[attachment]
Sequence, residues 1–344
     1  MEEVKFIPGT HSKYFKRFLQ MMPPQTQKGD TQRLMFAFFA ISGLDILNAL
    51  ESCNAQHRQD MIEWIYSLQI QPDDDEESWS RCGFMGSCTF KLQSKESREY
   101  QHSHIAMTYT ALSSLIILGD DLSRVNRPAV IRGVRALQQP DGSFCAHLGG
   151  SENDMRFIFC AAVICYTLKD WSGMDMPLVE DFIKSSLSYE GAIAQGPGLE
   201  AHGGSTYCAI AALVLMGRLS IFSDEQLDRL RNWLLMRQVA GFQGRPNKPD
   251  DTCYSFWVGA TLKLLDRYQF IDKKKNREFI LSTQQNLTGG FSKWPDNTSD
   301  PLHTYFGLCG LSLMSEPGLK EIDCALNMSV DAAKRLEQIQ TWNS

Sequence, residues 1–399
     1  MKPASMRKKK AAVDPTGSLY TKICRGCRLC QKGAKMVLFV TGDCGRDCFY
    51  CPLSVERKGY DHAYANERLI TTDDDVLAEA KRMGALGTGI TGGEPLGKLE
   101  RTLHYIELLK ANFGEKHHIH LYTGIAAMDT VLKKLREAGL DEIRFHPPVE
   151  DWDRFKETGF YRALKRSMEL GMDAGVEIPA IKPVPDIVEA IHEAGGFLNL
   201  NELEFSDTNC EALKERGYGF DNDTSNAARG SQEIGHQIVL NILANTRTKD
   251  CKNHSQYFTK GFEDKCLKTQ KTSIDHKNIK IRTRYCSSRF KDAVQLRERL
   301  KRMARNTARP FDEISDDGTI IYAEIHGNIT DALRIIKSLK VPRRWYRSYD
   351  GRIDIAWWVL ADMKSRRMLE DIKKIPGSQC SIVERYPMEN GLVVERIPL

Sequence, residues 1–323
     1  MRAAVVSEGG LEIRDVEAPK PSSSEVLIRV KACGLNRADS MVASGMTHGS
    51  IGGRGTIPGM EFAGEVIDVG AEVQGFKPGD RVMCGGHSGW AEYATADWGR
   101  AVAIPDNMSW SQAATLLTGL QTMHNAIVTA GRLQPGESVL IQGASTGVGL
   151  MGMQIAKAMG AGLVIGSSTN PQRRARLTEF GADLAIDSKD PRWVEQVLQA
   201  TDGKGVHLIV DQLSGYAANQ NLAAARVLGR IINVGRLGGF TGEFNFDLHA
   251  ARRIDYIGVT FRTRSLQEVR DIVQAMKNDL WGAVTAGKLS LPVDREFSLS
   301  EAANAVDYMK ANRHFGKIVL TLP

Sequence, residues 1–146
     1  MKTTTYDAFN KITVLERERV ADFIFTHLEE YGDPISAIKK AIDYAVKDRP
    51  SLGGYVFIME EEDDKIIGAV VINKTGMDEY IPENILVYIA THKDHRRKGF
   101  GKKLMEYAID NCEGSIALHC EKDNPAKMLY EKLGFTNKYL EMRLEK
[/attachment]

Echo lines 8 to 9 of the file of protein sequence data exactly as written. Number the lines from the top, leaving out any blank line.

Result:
   301  PLHTYFGLCG LSLMSEPGLK EIDCALNMSV DAAKRLEQIQ TWNS

Sequence, residues 1–399